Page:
The complexity of our organisation cannot be a valid excuse for slowness. How can we increase the pace of change? Here the university management can take the lead, as they have done so effectively before. Only they can make inclusion a priority. They are working to ensure that managers at all levels embrace inclusivity, and are able to effectively lead our increasingly diverse community, with all its complex differences. We need managers for whom the creation of a good, inclusive work and learning place is a priority.

LESSON

3 Make a plan (and stick to it) Inclusion, diversity and equality have to be integrated in everything we do. Do you know what the D&I plan is for your own workplace? Make sure there is a plan, and monitor the effects. Gather data. Discuss progress with all those concerned – students, staff, networks. This is the only systematic way forward. Make a plan, and stick to it. It takes time and money. But without this perseverance, there will be no progress.

LESSON

5 Make it happen right where you work D&I is not something that just the Diversity Office does. It is what each of us can do to create an inclusive workplace, right in the very department where we work. Within our workplaces, staff and students need to be in the lead, as they are the ones who know most about inclusion and exclusion. Why are those involved in joint decision-making all too often appointed from above? Is that really the best way to guarantee that the full diversity of experiences will be heard, and favouritism will be avoided? Why not ask all staff members what kind of leadership they need to be able to make the most of themselves? We tried this approach, and we got great results.

These lessons will be at the heart of our work in 2019-2021. Thank you all for being part of this journey. Let’s keep moving forwards in the years to come!

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Networks and initiatives

Working together, a word from Inclusion means involving everyone. That’s why we’re very happy to work with all the innovative and inspiring networks that were founded by students and staff and with other good initiatives.

Vitaal

LGBT+ Network

ASA

Vitaal is a network of, and for, all the women with an academic degree from the Leiden University Medical Center (LUMC) who are pursuing a career in medicine, science or management. The LUMC Academic Women’s Network aims for a proportional representation of women at higher scientific, medical and managerial levels within the LUMC.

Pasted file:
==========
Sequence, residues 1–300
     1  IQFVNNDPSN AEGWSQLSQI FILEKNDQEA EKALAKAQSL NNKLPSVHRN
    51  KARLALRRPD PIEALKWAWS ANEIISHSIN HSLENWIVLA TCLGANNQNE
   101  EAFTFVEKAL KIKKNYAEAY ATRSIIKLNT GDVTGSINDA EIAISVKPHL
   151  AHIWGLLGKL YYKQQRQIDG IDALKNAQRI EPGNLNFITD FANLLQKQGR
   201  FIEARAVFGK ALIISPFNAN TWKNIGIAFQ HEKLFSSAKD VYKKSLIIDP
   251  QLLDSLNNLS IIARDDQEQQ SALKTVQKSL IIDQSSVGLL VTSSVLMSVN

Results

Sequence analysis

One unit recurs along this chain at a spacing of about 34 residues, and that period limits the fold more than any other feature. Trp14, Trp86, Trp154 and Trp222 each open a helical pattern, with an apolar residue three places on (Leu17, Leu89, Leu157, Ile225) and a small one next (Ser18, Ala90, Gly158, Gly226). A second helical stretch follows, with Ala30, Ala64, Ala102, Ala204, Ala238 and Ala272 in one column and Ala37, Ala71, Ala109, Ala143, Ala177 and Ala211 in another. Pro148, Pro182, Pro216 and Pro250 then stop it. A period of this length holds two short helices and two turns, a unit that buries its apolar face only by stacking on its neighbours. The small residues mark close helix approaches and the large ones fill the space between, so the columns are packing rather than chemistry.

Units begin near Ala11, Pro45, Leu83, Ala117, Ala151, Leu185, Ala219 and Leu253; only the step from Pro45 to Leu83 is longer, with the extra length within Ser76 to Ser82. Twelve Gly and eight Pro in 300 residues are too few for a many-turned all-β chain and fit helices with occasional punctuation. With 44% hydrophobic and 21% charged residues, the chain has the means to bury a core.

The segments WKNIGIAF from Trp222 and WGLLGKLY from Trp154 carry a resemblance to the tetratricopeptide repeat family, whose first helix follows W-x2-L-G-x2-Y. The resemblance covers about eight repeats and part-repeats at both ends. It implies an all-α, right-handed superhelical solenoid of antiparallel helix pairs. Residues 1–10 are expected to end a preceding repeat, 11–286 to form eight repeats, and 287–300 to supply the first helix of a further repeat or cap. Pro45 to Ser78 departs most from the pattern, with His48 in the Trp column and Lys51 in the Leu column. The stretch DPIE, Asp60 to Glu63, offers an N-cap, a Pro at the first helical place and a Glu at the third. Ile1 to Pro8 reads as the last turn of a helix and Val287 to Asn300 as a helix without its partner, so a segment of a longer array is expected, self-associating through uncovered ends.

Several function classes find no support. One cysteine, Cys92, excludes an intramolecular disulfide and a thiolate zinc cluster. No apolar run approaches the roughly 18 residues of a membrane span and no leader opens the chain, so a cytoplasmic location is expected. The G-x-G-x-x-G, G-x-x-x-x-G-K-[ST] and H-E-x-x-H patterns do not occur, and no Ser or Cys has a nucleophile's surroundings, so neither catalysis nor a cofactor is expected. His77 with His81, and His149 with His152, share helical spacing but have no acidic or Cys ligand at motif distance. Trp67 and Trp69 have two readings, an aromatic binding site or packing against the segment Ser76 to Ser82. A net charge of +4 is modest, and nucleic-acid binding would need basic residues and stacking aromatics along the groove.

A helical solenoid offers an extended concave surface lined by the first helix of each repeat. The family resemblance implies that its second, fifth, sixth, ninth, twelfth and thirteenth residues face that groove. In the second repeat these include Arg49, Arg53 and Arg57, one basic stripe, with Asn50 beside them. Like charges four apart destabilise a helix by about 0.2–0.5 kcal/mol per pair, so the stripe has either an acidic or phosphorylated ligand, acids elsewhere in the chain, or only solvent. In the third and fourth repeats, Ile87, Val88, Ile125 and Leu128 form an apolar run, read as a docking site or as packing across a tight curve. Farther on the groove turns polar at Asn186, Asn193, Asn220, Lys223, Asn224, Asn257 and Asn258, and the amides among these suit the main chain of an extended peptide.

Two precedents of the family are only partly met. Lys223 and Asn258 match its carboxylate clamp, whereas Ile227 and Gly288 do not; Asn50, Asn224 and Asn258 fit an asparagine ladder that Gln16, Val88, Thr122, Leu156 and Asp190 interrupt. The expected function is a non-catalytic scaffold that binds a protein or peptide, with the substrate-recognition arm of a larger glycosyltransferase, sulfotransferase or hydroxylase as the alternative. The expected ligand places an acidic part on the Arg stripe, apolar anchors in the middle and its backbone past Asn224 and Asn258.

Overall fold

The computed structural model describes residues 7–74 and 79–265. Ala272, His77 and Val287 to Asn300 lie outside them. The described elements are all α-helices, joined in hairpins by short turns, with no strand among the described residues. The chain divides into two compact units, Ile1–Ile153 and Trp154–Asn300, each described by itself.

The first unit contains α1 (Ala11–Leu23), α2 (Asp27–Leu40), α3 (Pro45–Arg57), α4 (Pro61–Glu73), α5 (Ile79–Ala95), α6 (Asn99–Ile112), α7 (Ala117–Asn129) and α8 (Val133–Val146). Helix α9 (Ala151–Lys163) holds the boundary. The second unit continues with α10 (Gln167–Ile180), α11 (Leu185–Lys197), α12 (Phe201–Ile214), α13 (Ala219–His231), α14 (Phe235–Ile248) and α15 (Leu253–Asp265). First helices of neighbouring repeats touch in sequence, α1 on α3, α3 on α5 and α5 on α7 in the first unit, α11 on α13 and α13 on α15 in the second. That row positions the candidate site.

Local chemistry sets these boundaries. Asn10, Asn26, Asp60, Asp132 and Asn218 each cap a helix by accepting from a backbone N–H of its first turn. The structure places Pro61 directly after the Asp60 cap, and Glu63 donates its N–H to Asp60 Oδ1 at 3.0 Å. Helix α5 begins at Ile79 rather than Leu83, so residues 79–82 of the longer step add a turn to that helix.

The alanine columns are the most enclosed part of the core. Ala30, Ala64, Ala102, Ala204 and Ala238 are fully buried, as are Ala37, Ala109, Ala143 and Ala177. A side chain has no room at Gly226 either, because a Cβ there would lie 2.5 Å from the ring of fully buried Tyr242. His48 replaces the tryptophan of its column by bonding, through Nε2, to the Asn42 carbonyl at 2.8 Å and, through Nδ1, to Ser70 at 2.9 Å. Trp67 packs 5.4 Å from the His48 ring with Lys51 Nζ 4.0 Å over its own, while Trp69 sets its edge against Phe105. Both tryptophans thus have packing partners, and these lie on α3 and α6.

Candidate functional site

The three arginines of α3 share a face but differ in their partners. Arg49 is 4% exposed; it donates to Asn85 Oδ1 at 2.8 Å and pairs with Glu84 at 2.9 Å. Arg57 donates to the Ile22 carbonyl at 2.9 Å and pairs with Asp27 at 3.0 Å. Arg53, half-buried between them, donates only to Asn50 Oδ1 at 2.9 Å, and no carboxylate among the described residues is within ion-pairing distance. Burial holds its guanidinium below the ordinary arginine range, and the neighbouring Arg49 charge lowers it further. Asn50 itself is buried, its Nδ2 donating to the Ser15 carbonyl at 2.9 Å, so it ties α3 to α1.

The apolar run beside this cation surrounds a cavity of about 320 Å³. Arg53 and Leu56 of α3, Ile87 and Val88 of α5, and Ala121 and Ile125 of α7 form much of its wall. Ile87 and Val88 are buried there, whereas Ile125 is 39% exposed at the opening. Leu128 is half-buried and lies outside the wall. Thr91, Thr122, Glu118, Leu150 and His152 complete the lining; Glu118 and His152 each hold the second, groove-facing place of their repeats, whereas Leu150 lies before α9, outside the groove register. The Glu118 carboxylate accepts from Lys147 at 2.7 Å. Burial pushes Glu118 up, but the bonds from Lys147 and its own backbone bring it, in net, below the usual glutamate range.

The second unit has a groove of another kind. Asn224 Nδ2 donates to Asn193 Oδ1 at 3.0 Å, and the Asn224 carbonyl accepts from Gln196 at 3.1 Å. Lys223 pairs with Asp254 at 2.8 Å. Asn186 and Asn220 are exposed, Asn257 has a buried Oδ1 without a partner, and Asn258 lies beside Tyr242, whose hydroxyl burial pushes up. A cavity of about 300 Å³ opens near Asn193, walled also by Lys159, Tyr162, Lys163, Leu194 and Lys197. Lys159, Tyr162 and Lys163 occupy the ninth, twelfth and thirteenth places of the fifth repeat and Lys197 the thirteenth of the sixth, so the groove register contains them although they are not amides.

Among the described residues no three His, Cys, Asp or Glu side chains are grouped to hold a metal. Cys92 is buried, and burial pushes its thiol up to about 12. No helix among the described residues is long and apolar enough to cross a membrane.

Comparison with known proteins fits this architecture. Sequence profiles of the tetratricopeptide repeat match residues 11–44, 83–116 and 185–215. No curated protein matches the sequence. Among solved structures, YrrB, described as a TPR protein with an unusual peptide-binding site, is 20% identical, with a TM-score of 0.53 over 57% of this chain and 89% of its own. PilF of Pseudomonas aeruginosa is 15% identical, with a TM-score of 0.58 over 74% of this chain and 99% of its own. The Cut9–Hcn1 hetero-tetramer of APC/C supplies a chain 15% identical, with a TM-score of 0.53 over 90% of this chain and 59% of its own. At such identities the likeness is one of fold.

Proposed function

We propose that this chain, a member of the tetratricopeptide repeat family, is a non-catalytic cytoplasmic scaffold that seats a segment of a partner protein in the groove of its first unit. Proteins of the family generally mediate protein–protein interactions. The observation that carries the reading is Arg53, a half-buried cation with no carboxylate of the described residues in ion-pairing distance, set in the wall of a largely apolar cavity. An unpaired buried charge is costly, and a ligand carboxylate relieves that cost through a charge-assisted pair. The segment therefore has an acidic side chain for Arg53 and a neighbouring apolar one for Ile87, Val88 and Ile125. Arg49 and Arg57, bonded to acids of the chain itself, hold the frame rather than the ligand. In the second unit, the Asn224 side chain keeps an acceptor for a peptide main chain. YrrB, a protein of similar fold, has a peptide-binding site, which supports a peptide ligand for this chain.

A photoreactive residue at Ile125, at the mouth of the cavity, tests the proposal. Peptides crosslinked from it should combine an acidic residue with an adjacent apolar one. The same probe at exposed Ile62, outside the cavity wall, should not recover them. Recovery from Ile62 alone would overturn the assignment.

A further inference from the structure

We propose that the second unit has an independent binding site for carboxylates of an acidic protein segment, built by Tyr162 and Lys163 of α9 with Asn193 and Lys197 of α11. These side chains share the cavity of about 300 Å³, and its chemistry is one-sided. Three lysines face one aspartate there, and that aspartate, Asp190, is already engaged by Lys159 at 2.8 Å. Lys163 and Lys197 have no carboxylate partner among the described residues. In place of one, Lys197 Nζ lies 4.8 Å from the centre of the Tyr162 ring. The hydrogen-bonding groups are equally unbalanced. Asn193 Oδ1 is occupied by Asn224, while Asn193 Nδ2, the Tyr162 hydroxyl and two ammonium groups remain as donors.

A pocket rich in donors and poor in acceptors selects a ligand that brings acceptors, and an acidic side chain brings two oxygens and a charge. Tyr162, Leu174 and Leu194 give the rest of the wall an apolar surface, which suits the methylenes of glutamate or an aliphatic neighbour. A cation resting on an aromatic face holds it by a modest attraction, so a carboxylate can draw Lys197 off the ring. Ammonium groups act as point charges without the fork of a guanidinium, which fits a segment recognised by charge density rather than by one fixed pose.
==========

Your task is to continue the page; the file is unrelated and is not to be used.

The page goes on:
The LGBT+ Network offers a platform to all lesbian, homosexual, bisexual, transgender, intersex and queer staff and students at Leiden University. Everyone who feels part of the university is welcome to take part in activities. The aim of the LGBT+ Network is to promote the inclusion of the network’s target group; that also means the inclusion of non-LGBT+ staff and students.

The Afro Student Association understands the struggles that black and afro students face when navigating academia. As such students, we recognise our power to improve our experiences in universities. Therefore, we want to contribute to fostering the environment we want to live in, and seek to create a base for accurate representation, empowerment and activism.

vitaal@lumc.nl

afrostudentassociation@gmail.com

lgbtnetwork@leidenuniv.nl

Sophia Sophia aims to create equal opportunities and a better working environment for female academic and scientific staff at Leiden University. Our mission is to promote a better working environment, redress the unequal male-female ratio at Leiden University, create equal opportunities, and make optimal use of the talent of Leiden’s female academics. sophia@leidenuniv.nl

Leiden University Pride – QUEER AF! At Leiden University Pride (LUP), we endeavour to create a safe, supportive and engaging LGBTQ+ community for the students, employees, alumni and friends of Leiden University. We strive to provide a platform to explore current LGBTQ+-related issues. At LUP, we believe in these values: safety, inclusiveness, awareness, supportiveness, pride and fun. leidenunipride@gmail.com

STAR *star (a ‘space to talk about race’) is a (safer) space primarily for people of colour. We hold spaces where race- and heritage-related matters can be discussed more freely, we create clarity within the institution about the vulnerability and importance of these matters, and we realise communities where we belong within academia; making the university a more inclusive space. starleiden@gmail.com

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Networks and initiatives

our networks and initiatives POPcorner Talent is what you make of it! RISE

POPcorner

Launched in 2015, Researchers in Science for Equality (RISE) is the network for female scientists at the Leiden University Faculty of Science. Our mission is to build an inspiring work environment for female scientists, to stimulate their personal and professional development, and to help advance their careers to top positions in natural sciences.

POPcorner offers students of the Faculty of Social and Behavioural Sciences and the Faculty of Humanities support in finding their way at the faculty and in their studies. The aim is to improve study success. We offer consultations, workshops and courses, mentoring by senior students, and an inclusive community of talented students who organise talks on hot topics, debates and excursions.

rise@science.leidenuniv.nl

POPcorner@hum.leidenuniv.nl POPcorner@fsw.leidenuniv.nl

meetingpoint@sea.leidenuniv.nl

JUL Get more out of your work and your network with JUL! The Young University Leiden (JUL) network is for young staff members who want to get more out of their work. Working together, sharing knowledge, personal development and fun are what all the activities organised by JUL are about. If you want to become a member, simply send us a mail. jong@leidenuniv.nl